White Sox GM Ken Williams Raises White Flag on Team’s Playoff Hopes
Say this about Chicago White Sox General Manager Ken Williams – he’s not predictable. In less than a month, he went from spending wildly to dumping players at the baseball pawn shop.
On Monday night, Williams made two deadline deals, shipping Jim Thome to the Los Angeles Dodgers for Justin Fuller, a 26-year-old Class A prospect, and sending struggling starter Jose Contreras to the Colorado Rockies for AAA pitcher Brandon Hynick.
Those moves, which came a few hours after Williams sent a fire-sale email to MLB teams, sound like a man who’s given up.
Yet just a few weeks ago, he seemed to be in full “let’s make a run at the playoffs” mode by trading with the San Diego Padres for the injured Jake Peavy on July 31. This move, coming when the Sox were just 52-51 (albeit with the team being only 2.5 games back in the AL Central) surprised even Barry Axelrod, the pitcher’s own agent. Axelrod said he was “flabbergasted that the White Sox would want to make this deal with [Peavy] in his physical condition.”
Axelrod is not the only one wondering what the Sox were thinking. Peavy has one of the more ridiculous contracts in baseball. Chicago will have to pay the $50+plus million left on his contract through 2012.
But that’s not all. Not only did San Diego get freed from this ludicrous contract, but they got four of Chicago’s young pitchers – Clayton Richard, Aaron Poreda, Dexter Carter, and Adam Russell.
While Richard was shaky in his last start, he did win three games for the Padres in August. And reliever Adam Russell has gone 1-0 with a 3.00 in four appearances since being called up from AAA last week. The other two prospects are in the Padres’ minor league system.
At any rate, the players Williams dealt have so far won four more games for the Padres than Peavy has won for the White Sox. He injured his arm in a rehab start and has yet to pitch in a big-league game for Chicago.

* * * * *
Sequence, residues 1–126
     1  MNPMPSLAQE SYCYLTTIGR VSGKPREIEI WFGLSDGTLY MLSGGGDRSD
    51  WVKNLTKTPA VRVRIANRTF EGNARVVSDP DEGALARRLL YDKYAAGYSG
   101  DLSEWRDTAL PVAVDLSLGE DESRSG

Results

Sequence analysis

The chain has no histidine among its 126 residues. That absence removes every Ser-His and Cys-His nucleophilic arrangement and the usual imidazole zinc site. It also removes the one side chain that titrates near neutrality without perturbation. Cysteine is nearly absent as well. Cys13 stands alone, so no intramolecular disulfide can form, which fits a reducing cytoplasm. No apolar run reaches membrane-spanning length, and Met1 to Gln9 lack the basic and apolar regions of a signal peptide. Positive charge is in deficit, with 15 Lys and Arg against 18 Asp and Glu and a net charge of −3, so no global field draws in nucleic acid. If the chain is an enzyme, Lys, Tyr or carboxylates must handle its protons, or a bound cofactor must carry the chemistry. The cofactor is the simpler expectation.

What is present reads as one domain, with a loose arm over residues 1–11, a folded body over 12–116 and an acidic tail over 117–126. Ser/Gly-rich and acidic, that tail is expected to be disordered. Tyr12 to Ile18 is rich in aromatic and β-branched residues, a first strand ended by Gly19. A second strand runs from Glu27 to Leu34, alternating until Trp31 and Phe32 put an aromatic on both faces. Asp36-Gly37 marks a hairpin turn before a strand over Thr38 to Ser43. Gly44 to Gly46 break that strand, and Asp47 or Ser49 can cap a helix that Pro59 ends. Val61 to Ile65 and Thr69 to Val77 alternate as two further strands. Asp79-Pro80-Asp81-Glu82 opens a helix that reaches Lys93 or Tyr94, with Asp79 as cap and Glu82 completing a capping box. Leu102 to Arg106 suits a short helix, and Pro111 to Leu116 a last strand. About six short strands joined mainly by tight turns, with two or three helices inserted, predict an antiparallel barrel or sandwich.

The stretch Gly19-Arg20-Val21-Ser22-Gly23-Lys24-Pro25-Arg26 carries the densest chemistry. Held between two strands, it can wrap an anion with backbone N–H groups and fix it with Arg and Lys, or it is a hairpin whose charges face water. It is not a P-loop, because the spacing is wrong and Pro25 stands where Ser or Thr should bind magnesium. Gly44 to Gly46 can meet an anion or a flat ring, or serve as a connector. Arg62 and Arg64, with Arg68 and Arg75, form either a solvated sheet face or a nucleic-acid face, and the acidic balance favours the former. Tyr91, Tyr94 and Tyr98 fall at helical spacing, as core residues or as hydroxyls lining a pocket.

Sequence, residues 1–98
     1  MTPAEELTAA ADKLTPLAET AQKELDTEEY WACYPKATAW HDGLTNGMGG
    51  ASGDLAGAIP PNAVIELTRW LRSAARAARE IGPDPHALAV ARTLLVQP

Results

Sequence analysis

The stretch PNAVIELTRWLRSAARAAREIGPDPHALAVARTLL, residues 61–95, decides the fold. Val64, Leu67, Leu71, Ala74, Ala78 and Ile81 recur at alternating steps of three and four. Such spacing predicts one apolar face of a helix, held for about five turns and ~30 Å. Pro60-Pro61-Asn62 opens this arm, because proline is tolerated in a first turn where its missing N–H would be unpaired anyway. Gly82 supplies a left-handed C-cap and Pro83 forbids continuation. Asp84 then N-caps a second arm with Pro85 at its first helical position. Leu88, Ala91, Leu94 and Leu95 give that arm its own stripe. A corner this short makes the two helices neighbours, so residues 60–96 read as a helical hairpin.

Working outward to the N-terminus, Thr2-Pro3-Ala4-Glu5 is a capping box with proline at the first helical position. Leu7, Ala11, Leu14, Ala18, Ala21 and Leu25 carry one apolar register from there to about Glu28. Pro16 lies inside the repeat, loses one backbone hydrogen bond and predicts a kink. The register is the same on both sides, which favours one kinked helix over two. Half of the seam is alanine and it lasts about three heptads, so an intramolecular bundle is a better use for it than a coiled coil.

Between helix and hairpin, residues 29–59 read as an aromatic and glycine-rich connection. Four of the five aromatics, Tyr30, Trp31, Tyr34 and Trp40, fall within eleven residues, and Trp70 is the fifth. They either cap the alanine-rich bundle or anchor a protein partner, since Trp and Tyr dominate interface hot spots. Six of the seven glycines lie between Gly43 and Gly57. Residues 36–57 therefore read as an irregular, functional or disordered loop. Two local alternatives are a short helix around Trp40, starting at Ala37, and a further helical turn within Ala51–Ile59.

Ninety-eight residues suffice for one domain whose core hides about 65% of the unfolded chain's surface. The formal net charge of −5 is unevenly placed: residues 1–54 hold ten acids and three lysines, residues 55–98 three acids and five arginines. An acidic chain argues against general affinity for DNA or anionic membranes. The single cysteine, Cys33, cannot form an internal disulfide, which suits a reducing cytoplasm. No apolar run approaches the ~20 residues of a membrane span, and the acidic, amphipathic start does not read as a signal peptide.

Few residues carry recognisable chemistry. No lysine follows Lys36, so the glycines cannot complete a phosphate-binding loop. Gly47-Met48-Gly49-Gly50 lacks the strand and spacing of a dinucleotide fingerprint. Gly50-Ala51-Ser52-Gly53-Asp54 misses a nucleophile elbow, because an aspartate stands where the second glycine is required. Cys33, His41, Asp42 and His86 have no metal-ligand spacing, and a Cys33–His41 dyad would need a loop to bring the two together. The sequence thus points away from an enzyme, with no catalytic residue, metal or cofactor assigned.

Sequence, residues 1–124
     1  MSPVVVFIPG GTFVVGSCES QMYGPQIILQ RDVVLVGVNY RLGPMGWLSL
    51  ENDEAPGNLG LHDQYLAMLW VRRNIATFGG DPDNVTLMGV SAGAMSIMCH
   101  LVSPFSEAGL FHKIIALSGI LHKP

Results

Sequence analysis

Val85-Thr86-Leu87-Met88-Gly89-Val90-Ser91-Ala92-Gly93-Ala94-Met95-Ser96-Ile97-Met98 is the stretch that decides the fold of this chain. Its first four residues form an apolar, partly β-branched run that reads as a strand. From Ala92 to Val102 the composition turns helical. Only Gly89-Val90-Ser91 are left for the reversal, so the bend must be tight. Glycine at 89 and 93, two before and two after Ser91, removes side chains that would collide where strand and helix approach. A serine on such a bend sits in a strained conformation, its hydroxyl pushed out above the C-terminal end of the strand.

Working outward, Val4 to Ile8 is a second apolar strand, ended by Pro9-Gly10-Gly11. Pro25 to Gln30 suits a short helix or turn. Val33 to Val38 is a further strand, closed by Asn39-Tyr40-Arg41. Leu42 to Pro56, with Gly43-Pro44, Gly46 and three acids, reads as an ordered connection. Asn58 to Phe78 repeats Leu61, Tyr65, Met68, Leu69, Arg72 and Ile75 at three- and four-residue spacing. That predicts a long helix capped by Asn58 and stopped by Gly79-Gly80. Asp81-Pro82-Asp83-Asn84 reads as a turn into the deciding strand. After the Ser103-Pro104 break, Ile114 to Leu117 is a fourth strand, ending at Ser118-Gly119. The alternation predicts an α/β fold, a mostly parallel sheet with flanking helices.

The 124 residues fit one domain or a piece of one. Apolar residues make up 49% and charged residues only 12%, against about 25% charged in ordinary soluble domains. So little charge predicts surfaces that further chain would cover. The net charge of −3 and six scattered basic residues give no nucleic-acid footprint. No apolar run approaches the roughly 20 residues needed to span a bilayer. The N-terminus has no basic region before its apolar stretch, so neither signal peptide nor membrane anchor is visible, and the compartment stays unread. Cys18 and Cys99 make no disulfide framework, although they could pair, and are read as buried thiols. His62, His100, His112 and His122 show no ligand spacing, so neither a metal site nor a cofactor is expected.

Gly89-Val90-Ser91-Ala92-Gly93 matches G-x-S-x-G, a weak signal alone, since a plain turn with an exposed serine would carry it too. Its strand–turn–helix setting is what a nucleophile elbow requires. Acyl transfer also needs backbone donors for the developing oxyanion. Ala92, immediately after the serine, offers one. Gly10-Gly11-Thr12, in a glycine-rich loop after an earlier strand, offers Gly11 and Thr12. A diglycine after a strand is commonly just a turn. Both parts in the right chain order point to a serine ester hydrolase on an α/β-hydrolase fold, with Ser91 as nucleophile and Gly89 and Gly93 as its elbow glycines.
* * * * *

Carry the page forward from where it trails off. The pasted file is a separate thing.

The Peavy trade wasn’t the only big-spending move Williams made. He picked up outfielder Alex Rios – and the $60 million left on his contract – from the Toronto Blue Jays on August 11 in a waivers claim.
When Williams made the deal, I wrote that it could be his “$60 million mistake.” And so far, a change of scenery has not done Rios a bit of good – he’s hitting just .179, with an OBP of just .190. Rios has one homer and three RBI in 15 games.
Meanwhile, Nick Swisher, who Williams traded to the Yankees last year, continues his hot streak with the Yankees – he now has 22 homers and a .369 OBP for the Bombers. And Javier Vazquez, another player Williams traded last year for little in return, has won 11 games for the Braves and is sporting a 3.02 ERA.
The White Sox have gone 12-17 since the Peavy trade, and have lost four in a row, and eight of their last ten games. Chicago has looked so bad as of late that manager Ozzie Guillen suggested that the team was “stealing money” from owner Jerry Reinsdorf.
While there is a month left in the season, and the White Sox are six games back, they haven’t looked like a team that has much fight in them. And getting rid of Contreras makes sense – he has been so awful that he lost his spot in the starting rotation. So getting a real prospect for him in return – Brandon Hynick pitched a perfect game in the minors this year – is a coup.
What makes less sense – on both sides – is the Jim Thome deal. Williams, who has repeatedly griped about White Sox attendance, just gave away one of the team’s most popular players, and a 500 HR hitter to boot.
But the deal is a little strange for the Dodgers, too. As DH Thome told Los Angeles Monday night, he can’t play the field anymore, so he’s only going to pinch-hit.
Los Angeles GM Ned Colletti said the team picked up Thome “to come off the bench and be a great influence in the clubhouse.” For that part-time play, the Dodgers will only have to pay part of the $2.3 million left on his contract.
As for Williams, Chicago columnist Joe Cowley described this year’s White Sox as Williams’ “middle-finger team.” The GM said two weeks ago that “this would be the most disappointing season for me if we don’t get in the playoffs and do well in the playoffs.”
So much for Williams’ risky moves. Looks like the Sox are going to stagger to the finish this year, and face a future with over $110 million owed to just two so-far-disappointing players. And that middle finger seems to be pointing back at the Chicago GM.
Photo by mandolux
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